Model railroading with your Droid: Solving electrical issues

Last Updated on January 5, 2013 by Dave Farquhar

Electrodroid is an Android app designed for electronics hobbyists, but it has uses for model railroaders too. Its LED calculator is invaluable when using LEDs to light buildings, cars, locomotive cabs or headlights, or for other projects. Knowing the input voltage, you can then determine what resistors to use to protect the LED.

The voltage drop calculator is useful too, if less obvious.

Here’s a common problem: On distant parts of the layout, the train slows down for no obvious reason. That reason is voltage drop over the track as the train gets further from the transformer. The solution is to run more feeder wires. But what size wire do you need?

Enter the length and gauge of the wire into Electrodroid, and it will tell you how much the voltage will drop across the run. Use a heavy enough wire that you don’t get an appreciable drop, since some additional drop is inevitable once the current reaches the track.

This allows you to determine if the wire you have on hand is adequate for the project, or if you have to buy wire, it tells you the size to buy without overkill.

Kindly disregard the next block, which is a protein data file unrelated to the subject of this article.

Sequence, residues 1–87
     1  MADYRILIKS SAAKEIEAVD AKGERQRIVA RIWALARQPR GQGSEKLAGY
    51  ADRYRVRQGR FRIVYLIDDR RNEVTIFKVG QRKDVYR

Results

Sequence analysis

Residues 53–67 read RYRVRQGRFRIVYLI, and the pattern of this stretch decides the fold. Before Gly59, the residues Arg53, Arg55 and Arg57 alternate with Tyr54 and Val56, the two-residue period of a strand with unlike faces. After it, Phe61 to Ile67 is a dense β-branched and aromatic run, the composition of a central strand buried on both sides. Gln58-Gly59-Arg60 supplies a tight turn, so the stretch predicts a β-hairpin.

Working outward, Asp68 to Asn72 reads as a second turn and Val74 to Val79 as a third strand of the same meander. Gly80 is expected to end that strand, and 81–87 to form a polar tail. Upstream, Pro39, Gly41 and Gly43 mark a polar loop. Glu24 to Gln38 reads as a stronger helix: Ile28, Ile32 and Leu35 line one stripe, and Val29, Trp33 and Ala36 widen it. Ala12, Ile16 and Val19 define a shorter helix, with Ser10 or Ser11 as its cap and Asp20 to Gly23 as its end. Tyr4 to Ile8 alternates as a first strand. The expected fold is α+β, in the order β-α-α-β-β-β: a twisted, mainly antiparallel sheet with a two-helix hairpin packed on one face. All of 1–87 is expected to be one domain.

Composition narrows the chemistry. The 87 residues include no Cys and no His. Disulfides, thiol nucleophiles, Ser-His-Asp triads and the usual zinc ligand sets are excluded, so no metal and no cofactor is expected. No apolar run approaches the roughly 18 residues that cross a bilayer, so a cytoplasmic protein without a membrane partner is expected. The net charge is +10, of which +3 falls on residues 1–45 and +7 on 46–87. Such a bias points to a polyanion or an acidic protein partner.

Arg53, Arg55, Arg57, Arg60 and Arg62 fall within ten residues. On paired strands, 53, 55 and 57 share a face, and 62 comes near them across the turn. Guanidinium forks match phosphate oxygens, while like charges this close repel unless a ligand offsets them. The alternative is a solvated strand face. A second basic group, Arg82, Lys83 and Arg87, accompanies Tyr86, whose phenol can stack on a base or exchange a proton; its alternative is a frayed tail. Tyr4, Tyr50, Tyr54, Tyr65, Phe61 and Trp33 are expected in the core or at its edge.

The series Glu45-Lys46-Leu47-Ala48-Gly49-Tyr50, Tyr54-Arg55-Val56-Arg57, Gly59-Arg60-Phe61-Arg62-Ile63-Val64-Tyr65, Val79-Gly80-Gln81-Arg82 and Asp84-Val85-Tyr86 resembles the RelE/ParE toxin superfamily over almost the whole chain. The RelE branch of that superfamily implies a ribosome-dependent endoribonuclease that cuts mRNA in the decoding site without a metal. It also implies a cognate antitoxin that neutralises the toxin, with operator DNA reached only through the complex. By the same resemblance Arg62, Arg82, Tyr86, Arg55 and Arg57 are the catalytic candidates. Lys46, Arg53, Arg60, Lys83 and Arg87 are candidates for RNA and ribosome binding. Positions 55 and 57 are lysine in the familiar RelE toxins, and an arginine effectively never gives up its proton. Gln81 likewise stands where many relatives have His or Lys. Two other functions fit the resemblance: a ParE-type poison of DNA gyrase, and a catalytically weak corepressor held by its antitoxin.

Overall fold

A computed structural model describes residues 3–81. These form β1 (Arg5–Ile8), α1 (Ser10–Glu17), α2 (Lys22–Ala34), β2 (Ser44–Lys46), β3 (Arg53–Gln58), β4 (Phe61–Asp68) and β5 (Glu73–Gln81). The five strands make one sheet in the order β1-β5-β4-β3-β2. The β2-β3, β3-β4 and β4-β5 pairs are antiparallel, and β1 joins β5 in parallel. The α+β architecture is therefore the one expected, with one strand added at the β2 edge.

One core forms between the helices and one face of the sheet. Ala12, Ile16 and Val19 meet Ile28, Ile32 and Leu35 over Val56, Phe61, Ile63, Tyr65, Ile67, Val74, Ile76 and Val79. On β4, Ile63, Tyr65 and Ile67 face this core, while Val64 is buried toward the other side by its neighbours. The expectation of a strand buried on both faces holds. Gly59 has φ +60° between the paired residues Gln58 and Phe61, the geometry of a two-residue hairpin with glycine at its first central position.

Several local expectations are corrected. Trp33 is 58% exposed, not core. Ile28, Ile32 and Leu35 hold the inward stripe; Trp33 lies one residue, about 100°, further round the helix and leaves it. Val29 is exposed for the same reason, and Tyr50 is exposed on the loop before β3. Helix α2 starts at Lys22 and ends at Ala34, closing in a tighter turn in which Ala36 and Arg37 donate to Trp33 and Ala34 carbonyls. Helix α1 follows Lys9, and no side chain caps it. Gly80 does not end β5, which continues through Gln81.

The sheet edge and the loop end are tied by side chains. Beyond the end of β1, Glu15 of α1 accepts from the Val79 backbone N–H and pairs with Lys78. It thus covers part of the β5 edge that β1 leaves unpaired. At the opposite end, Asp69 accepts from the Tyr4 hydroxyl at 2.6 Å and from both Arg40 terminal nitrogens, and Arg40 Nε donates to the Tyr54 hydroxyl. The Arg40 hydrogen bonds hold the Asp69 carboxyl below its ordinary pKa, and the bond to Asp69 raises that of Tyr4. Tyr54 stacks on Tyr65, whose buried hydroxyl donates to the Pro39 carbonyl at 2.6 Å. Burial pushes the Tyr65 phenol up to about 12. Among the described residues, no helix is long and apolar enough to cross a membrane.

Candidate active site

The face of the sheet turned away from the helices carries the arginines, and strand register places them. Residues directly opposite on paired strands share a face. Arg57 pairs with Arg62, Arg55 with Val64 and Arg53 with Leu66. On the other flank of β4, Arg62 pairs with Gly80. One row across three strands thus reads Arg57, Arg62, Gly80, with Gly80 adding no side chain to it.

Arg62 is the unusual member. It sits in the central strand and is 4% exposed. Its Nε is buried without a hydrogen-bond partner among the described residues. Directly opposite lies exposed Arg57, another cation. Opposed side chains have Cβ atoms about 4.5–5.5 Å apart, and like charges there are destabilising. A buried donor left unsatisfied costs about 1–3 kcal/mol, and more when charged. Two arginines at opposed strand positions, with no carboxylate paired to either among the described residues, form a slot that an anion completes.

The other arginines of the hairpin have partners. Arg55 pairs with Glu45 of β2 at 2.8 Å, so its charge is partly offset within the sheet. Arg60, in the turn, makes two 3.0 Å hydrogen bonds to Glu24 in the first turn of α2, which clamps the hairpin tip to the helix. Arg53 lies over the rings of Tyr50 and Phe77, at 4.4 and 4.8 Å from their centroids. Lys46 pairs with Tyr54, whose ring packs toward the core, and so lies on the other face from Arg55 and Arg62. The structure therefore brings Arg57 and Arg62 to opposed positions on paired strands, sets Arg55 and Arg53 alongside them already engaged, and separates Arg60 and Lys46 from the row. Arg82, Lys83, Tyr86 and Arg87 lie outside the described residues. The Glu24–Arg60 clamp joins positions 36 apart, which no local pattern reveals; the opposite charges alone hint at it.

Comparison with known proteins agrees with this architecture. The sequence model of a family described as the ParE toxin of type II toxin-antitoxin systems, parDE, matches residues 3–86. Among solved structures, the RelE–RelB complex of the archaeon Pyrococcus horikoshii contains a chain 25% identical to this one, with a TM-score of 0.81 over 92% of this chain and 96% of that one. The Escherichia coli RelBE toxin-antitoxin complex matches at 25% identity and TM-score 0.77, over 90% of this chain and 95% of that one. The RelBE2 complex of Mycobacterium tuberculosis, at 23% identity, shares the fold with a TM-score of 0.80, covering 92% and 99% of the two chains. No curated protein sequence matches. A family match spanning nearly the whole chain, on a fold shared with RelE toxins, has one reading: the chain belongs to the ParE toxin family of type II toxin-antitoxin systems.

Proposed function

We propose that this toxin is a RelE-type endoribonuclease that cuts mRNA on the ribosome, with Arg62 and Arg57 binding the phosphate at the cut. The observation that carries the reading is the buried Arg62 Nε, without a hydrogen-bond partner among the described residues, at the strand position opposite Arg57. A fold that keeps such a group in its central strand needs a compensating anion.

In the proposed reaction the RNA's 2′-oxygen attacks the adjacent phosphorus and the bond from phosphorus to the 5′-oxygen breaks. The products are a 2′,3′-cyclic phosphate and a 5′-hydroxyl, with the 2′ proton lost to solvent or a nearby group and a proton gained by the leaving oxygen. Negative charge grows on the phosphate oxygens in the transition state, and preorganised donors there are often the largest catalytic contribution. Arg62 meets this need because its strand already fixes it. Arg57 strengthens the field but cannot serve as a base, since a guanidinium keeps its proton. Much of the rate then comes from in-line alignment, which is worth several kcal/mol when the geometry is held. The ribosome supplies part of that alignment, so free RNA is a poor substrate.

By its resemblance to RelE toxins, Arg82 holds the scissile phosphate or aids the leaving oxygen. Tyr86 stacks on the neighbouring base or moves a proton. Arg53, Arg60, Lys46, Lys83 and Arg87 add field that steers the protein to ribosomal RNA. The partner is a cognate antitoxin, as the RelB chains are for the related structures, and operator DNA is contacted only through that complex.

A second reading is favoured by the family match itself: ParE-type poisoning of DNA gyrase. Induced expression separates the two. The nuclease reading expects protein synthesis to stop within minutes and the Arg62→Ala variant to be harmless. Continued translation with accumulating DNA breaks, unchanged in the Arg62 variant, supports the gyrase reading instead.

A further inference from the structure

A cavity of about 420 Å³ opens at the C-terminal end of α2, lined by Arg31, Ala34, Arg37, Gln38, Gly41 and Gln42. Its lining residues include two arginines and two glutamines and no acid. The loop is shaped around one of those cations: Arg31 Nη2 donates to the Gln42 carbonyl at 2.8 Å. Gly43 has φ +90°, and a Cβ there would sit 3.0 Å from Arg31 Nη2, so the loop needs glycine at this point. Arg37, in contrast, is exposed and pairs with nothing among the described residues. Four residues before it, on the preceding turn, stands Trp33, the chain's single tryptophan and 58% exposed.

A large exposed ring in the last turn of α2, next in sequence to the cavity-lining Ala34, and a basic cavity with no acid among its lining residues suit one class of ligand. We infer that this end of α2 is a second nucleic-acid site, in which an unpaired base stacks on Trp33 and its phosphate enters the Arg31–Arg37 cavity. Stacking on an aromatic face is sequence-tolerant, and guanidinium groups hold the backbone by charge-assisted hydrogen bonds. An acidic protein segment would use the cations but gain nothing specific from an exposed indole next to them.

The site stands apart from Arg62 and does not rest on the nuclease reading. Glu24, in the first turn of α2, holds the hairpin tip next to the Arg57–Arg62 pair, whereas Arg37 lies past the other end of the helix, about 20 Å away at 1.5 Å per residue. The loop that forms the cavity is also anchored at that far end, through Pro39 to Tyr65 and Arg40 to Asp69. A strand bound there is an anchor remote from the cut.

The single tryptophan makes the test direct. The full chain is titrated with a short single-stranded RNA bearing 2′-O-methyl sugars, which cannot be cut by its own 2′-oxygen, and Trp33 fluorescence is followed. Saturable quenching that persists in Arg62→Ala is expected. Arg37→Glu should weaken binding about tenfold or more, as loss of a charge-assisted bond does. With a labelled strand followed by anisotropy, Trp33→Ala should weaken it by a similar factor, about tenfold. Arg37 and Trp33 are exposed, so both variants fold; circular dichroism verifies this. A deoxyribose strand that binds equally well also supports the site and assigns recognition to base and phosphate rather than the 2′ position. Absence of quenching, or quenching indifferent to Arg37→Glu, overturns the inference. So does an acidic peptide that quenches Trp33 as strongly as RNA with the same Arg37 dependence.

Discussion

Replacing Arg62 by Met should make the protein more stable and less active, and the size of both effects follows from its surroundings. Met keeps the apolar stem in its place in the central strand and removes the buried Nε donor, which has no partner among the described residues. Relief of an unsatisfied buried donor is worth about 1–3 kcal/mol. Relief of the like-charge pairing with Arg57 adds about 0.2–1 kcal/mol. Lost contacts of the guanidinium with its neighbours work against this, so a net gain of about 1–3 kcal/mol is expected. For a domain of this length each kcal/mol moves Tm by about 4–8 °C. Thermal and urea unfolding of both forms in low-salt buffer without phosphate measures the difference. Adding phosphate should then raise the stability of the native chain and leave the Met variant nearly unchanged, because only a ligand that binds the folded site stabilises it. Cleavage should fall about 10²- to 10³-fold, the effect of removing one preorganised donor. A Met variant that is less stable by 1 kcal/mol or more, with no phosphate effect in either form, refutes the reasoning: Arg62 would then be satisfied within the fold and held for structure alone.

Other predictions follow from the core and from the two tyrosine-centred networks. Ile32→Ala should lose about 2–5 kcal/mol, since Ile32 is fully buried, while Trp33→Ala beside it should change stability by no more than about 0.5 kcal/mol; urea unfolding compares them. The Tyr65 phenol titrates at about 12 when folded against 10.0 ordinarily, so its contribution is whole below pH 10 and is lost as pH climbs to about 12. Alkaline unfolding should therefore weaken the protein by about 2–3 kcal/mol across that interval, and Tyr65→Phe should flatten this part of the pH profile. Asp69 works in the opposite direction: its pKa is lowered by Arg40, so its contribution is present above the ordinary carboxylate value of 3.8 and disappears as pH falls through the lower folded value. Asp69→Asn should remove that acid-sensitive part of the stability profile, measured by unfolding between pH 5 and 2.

Sometimes you need a specific voltage in a project, but that voltage is something other than your transformer output, the 5 volts that a 7805 can deliver, or the 12 volts that a 7812 can deliver. Using the adjustable voltage regulator tool, you can quickly determine what resistors to use in conjunction with an LM317 regulator, or you can use the voltage divider tool to quickly determine what resistors to use if you want to do the job with resistors alone.

If you have a parts drawer full of random resistors from old projects, Electrodroid’s resistor color code tool will help you identify them. And the resources tab has the codes for capacitors so it can help you identify those too. Now if there were only a way to get the computer to sort the contents of that drawer for you…

And speaking of the resources tab, it also contains a list of the symbols used in schematics, which is helpful for beginners and as a refresher.

The more skilled you are with electronics, the more you’ll find yourself using this tool because it has calculators and pinouts for dozens of electronics applications. I don’t have one to check against anymore, but the free version appears to be enough to replace the old electronics pocket reference books that serious tinkerers carried with them in the 1990s.

But even if you never do much beyond sizing wires and calculating LED circuits, Electrodroid is invaluable and will help you build a better railroad.

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